Of David Pugh, Colts President Bill Polian said, "Pugh is a solid, workmanlike blue-collar player. He fits the (Colts') system perfectly. He'll come in and he'll play very well. We would have been perfectly happy taking him on the first day." Pugh was one of six consecutive defensive players selected by the Colts, including Syracuse defensive end Dwight Freeney.
Minnesota head coach Mike Tice sounded as if the Vikings went with Chad Beasley in the draft because some free agent efforts failed. "It was unfortunate that we didn’t get one of the other players we wanted because we weren’t able to close the deal in free agency," Tice told Vikings.com "Beasley is a player that is a big guy that goes into that self-starter category where he is a hard worker. He’s not really a nose, but he’s a guy that works hard. He’s a great effort guy. He comes from a great program at Virginia Tech so we were happy to add him to the mix."
Meanwhile, for Derris Monroe, his selection in the draft by the New Orleans Saints ends a long, difficult road. Monroe entered Tech as a partial qualifier in 1997, which meant that he sacrificed his freshman eligibility and would only have three years of playing time.
He played sparingly in 1998 and 1999 before pleading guilty August 4, 2000 to felony cocaine possession, a reduced charge from an original charge of cocaine distribution.
Monroe was put on probation, had to perform 100 hours of community service, underwent substance-abuse assessment, and had to stay alcohol and drug free. He was suspended from the team for the 2000 season, and during that year, met all conditions of his probation. He was released from his probation a year earlier than scheduled in 2001, and the charges and his guilty plea were wiped from his record.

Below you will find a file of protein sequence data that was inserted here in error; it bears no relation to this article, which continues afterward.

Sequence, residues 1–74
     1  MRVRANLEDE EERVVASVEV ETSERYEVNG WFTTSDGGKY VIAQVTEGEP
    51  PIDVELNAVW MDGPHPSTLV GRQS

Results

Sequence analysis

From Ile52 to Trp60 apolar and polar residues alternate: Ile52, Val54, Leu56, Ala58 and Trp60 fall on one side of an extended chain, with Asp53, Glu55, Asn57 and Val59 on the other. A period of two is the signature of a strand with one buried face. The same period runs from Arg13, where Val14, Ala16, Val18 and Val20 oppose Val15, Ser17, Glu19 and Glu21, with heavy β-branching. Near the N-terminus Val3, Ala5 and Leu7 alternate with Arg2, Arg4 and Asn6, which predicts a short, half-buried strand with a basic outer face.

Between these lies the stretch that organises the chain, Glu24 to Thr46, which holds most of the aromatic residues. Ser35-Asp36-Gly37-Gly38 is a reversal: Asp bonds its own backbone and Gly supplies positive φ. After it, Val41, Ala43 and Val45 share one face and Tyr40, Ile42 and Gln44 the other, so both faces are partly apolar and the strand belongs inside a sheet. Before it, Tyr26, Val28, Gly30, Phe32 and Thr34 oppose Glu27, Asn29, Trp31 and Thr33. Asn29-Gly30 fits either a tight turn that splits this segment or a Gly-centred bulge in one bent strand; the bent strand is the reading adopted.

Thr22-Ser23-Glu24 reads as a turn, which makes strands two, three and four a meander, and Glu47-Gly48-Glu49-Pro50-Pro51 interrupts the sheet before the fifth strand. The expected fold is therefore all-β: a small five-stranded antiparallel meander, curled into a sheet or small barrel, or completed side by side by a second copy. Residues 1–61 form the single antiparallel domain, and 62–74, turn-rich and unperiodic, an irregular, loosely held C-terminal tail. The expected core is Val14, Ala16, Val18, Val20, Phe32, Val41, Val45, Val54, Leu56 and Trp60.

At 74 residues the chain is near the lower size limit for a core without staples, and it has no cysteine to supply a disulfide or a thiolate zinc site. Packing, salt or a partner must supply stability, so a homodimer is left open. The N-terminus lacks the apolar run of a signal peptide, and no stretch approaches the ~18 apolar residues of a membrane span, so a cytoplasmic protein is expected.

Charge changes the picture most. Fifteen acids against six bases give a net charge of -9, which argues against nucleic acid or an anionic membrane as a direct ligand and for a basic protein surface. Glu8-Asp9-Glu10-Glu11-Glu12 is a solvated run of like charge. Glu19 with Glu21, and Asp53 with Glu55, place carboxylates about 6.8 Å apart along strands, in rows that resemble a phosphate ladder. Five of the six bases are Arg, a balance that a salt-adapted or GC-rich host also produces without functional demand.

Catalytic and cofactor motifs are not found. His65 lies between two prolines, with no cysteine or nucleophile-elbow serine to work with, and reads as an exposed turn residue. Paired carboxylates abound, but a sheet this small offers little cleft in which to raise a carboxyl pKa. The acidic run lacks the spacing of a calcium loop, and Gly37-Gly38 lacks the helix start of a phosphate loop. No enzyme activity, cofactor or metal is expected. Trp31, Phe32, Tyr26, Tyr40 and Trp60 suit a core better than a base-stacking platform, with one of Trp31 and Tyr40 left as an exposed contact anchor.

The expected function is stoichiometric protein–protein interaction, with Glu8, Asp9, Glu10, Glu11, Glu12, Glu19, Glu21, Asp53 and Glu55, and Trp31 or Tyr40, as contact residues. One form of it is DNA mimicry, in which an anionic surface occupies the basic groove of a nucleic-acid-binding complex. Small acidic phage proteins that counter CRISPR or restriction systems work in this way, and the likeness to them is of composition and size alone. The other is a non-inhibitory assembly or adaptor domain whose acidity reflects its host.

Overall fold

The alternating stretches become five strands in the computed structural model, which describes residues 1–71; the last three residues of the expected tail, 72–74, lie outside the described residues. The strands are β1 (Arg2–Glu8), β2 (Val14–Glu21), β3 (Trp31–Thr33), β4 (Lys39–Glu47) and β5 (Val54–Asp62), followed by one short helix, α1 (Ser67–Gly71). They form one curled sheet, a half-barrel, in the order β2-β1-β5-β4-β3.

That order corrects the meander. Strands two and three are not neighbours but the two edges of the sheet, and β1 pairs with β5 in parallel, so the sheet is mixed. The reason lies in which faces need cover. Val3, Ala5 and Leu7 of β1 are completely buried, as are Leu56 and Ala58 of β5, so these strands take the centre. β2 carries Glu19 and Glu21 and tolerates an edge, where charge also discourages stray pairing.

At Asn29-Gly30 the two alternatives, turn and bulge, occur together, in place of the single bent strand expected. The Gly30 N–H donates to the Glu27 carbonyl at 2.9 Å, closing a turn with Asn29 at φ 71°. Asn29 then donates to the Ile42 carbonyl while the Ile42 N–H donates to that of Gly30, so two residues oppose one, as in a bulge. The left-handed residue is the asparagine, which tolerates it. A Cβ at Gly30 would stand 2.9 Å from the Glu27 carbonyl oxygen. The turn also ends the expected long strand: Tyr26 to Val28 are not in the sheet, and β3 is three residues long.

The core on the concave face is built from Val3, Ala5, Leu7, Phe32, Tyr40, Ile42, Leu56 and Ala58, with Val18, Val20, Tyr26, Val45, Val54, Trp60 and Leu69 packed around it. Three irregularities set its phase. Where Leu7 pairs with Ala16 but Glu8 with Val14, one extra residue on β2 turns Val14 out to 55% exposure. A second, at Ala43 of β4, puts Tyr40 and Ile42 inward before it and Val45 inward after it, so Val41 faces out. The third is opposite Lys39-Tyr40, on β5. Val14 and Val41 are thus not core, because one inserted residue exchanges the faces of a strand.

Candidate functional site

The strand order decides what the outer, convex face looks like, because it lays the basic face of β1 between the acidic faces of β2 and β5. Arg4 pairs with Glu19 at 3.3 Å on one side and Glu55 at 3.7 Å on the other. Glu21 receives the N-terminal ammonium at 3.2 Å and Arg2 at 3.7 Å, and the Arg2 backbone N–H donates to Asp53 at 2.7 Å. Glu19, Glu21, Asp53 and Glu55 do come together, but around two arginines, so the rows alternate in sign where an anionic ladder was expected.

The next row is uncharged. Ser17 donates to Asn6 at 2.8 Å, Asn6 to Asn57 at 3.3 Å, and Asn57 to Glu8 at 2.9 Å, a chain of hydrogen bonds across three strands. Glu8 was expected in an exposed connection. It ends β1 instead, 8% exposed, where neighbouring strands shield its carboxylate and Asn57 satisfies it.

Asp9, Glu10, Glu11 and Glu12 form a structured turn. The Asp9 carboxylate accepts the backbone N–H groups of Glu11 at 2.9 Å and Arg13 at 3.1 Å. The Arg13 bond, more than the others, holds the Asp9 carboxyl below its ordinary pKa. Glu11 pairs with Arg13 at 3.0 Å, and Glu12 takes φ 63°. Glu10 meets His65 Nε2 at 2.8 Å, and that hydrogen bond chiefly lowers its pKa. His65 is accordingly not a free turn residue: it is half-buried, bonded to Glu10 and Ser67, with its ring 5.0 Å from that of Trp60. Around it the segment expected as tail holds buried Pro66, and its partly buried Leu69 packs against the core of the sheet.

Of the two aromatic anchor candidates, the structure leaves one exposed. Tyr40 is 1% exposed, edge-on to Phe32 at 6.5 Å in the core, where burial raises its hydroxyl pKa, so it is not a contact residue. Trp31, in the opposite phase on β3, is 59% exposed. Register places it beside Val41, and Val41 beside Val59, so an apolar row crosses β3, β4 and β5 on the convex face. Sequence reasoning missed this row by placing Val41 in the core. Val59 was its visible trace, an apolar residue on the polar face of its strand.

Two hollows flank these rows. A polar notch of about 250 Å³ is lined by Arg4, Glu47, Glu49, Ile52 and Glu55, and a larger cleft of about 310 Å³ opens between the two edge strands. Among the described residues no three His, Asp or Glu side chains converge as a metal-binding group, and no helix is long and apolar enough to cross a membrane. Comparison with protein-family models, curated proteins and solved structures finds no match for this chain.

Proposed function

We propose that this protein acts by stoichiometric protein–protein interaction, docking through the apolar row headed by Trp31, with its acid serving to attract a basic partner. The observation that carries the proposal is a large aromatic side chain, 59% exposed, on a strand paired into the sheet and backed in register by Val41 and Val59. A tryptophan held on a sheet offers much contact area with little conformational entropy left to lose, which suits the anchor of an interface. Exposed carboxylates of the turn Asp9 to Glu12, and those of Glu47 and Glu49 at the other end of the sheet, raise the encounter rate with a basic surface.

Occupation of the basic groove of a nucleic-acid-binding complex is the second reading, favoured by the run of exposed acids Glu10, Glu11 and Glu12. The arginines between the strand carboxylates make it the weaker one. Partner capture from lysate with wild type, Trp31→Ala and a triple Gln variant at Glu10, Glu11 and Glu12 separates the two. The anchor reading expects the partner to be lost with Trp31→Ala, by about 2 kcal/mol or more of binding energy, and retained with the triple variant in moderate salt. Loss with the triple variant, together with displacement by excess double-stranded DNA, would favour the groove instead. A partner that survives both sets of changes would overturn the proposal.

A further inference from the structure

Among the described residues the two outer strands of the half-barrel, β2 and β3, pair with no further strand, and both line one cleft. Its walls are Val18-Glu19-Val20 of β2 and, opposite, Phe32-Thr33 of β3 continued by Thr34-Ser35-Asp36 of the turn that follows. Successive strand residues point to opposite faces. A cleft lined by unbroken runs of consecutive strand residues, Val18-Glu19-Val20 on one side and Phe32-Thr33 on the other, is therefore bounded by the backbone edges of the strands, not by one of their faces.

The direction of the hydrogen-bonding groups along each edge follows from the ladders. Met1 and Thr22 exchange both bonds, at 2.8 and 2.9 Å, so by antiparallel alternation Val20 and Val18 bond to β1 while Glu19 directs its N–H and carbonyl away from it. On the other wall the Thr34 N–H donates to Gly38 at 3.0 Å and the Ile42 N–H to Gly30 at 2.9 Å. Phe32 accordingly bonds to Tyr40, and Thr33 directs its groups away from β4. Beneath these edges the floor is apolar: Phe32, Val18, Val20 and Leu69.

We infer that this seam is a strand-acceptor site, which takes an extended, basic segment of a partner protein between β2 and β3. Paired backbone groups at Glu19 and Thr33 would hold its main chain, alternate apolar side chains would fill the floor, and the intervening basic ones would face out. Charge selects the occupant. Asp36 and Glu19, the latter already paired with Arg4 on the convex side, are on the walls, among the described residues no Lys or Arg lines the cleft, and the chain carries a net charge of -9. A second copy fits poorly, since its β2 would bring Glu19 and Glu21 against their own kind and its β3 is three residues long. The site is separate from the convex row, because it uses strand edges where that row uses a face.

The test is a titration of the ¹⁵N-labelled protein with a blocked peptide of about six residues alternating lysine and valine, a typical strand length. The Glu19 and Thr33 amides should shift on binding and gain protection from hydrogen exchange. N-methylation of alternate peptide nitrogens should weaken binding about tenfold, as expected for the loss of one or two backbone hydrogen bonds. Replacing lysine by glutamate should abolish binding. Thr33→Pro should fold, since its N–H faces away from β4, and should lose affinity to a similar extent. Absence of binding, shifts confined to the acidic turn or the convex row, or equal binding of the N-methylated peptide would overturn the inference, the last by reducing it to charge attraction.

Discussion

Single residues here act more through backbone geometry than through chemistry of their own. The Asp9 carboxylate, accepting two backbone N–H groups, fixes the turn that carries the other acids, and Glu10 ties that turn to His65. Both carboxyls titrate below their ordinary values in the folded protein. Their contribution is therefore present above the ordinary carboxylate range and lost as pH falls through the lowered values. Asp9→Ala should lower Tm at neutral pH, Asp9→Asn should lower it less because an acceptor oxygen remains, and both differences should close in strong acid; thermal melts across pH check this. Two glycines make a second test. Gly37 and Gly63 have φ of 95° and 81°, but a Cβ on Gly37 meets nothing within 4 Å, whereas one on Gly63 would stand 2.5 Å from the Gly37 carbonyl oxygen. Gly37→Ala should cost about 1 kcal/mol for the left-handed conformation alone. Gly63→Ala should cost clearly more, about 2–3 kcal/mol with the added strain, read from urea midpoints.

Monroe was reinstated to the Tech football team in a controversial decision by Tech Athletic Director Jim Weaver. Because he had graduated from Tech within four years, Monroe received an additional year of eligibility (per NCAA rules) and played during the 2001 season. He appeared in ten games, played 241 snaps from scrimmage, and logged 44 tackles, one sack, and 11 QB hurries.
The 2001 Hokies will not go down in history as one of the most talented Hokie football teams ever, but they easily produced the highest number of draft picks ever for a Hokie football team that has now had 41 draft picks since 1990.
Around the Big East on Draft Day
The Big East totaled 27 players drafted on Saturday and Sunday, including an amazing 11 by the national champion Miami Hurricanes. Tech and Miami together accounted for 19 of the 27 Big East players drafted, with no other Big East school having more than three players drafted.
Miami's 11 players included an eye-popping five in the first round: OT Bryant McKinnie, TE Jeremy Shockey, CB Philip Buchanon, S Edward Reed, and CB Mike Rumph were all selected in Round 1, with RB Clinton Portis going in Round 2.
Here's the breakdown of Big East players selected, and in what round:
Led by the Canes, the Big East had eight players selected in the first round -- that's one out of every four first-round selections, tops among the six BCS conferences. Here's how the first round broke down, by conference, with non-BCS conferences grouped as "Other."
Here's how the total number of players and players per team breaks down per BCS conference, sorted by players drafted per team:
All in all, a great draft day for the Hokies, the Hurricanes, and the Big East.